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Open Access Article

Cervical Cancer Beliefs and Pap Test Screening Practices Among Chinese American Immigrants

Frances Lee-Lin
Marjorie Pett
Usha Menon
Sharon Lee
Lillian Nail
Kathi Mooney
Joanne Itano
ONF 2007, 34(6), 1203-1209 DOI: 10.1188/07.ONF.1203-1209

Purpose/Objectives: To examine beliefs and Pap test utilization among Chinese American women, the largest Asian female population in the United States.

Research Approach: Cross-sectional descriptive, correlational study.

Setting: Metropolitan areas of Portland, OR.

Participants: 100 foreign-born Chinese women aged 40 years and older.

Methodologic Approach: Three questionnaires were modified, translated, combined, and pretested. Participants completed the self-administered questionnaire in a group setting.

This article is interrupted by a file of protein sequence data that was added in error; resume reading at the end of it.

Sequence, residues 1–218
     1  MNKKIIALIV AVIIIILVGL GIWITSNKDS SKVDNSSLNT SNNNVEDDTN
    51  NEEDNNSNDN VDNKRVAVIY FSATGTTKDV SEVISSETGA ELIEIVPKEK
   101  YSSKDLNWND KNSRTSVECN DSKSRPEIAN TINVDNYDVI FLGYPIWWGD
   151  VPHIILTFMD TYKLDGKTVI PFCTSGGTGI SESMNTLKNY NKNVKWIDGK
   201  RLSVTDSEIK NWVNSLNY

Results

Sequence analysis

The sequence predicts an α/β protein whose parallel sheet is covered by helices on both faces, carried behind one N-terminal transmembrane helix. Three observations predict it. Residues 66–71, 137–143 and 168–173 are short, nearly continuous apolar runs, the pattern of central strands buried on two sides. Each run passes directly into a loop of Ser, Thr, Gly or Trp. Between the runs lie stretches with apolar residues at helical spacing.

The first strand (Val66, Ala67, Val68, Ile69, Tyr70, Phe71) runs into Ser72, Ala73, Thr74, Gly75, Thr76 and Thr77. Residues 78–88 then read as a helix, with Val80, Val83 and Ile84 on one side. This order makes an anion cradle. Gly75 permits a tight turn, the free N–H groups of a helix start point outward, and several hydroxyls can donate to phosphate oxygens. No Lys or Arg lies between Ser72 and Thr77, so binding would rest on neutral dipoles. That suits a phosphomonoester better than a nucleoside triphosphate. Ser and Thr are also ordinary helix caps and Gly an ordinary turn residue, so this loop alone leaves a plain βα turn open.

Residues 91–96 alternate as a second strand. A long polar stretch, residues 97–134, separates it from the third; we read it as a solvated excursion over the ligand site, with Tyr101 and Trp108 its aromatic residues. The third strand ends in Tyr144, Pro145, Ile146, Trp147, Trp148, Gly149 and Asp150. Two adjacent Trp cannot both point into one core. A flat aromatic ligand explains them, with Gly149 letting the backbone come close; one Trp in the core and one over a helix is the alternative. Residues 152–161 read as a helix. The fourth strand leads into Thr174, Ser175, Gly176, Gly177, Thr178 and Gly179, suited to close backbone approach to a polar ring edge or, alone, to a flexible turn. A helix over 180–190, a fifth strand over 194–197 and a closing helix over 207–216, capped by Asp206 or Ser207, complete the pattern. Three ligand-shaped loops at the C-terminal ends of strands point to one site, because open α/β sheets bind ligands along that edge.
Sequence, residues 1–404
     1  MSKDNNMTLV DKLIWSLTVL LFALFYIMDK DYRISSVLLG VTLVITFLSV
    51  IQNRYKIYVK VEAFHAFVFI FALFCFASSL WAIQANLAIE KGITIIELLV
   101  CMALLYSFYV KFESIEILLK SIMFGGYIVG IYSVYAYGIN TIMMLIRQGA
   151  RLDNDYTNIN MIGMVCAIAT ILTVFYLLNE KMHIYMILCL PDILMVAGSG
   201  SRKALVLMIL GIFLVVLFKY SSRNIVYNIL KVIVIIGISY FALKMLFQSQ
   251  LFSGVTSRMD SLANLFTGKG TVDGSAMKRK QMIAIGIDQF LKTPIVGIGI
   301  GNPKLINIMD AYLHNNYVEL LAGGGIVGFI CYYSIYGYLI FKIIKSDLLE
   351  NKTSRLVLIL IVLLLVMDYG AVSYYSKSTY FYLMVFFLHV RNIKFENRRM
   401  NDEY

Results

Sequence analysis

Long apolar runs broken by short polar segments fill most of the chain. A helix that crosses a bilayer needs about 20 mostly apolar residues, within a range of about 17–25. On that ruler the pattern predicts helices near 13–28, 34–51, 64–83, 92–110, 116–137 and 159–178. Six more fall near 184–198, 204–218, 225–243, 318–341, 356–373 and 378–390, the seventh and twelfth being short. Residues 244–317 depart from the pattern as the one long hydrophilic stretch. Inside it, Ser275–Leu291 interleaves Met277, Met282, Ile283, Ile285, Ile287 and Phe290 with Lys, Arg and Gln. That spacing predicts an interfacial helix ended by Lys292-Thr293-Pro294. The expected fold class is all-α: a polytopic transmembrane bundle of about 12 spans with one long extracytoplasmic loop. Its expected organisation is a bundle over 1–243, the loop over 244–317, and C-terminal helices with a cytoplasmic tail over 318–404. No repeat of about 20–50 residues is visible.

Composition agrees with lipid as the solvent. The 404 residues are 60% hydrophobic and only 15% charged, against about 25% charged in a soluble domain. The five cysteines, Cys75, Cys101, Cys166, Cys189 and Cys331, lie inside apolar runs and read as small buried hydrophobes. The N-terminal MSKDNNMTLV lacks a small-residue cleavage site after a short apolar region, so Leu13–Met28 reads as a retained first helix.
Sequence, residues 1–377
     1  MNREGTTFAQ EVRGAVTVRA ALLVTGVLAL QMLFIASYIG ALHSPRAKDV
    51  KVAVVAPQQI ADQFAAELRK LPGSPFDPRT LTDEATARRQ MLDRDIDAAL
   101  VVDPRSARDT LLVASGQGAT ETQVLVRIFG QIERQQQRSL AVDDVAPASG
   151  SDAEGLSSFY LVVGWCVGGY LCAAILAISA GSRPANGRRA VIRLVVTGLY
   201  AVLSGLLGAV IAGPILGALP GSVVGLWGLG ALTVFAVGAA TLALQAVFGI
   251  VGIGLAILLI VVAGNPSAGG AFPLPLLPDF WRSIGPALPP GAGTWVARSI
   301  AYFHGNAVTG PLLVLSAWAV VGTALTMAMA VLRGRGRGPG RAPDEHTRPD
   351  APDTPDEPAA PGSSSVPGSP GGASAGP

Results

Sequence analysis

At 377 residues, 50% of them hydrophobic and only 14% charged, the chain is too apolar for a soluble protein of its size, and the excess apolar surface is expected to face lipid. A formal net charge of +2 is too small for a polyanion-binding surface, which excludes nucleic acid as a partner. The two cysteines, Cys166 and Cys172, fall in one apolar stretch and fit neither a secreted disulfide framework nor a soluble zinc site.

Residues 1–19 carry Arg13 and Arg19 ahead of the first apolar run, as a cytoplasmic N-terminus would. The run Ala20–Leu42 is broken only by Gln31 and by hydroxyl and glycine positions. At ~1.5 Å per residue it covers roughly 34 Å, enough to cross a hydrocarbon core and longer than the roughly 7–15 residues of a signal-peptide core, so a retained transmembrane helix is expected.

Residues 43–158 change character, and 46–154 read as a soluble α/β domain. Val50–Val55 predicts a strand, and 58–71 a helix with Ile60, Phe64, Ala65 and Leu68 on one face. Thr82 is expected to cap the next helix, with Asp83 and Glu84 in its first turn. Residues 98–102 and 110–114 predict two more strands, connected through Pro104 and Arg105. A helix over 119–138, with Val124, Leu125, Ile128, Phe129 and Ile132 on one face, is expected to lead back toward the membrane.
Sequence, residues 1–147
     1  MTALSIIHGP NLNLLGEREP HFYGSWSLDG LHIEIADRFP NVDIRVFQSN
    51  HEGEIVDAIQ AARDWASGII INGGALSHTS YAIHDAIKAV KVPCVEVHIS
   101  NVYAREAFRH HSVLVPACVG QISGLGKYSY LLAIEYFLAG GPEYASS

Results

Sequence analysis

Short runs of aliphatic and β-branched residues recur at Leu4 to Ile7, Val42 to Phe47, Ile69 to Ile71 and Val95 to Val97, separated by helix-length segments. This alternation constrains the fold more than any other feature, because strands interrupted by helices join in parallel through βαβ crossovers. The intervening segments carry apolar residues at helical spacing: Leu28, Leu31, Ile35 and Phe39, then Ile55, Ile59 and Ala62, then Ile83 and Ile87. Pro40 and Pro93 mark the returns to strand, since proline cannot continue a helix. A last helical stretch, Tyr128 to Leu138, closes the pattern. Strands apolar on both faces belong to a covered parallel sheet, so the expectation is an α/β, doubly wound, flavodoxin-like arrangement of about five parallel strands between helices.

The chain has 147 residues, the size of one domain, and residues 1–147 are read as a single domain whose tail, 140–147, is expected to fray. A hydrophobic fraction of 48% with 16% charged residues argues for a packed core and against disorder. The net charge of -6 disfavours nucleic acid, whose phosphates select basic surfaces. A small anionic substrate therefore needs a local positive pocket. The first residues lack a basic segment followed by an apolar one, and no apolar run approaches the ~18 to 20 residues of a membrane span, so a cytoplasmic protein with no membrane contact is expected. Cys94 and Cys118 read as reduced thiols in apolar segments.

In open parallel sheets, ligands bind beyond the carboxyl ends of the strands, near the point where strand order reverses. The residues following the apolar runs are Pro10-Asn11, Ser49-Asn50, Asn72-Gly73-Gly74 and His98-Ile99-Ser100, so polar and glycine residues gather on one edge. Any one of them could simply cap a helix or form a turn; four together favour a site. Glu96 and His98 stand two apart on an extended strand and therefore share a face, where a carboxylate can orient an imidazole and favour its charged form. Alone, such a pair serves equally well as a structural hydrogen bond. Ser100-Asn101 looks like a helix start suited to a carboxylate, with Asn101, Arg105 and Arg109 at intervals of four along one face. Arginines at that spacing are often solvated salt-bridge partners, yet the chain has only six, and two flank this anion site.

Main Research Variables: Utilization of Pap test screening, health beliefs, and cultural and sociodemographic variables.

Findings: Sixty-eight percent reported having a Pap test within the prior three years (adherence), and 84% reported ever having a Pap test. The odds of Pap test use and adherence decreased with increasing age. Women with insurance or a regular healthcare provider had better odds of Pap test use and adherence. Older age, older age when a participant moved to the United States, and increased modesty were negatively associated with ever having had a Pap test.

Conclusions: Age and cultural beliefs influence Pap test use and adherence. The strength of provider recommendation and healthcare access as predictors suggest areas for interventions designed to increase screening for cervical cancer.

Interpretation: Nurses play a vital role in preventive health care, especially with the growing number of advanced practice nurses delivering primary care. Primary healthcare providers should be reminded of their influential role in increasing adherence to cancer screening. Further health policy action is necessary to extend screening coverage to those who do not have adequate health insurance.


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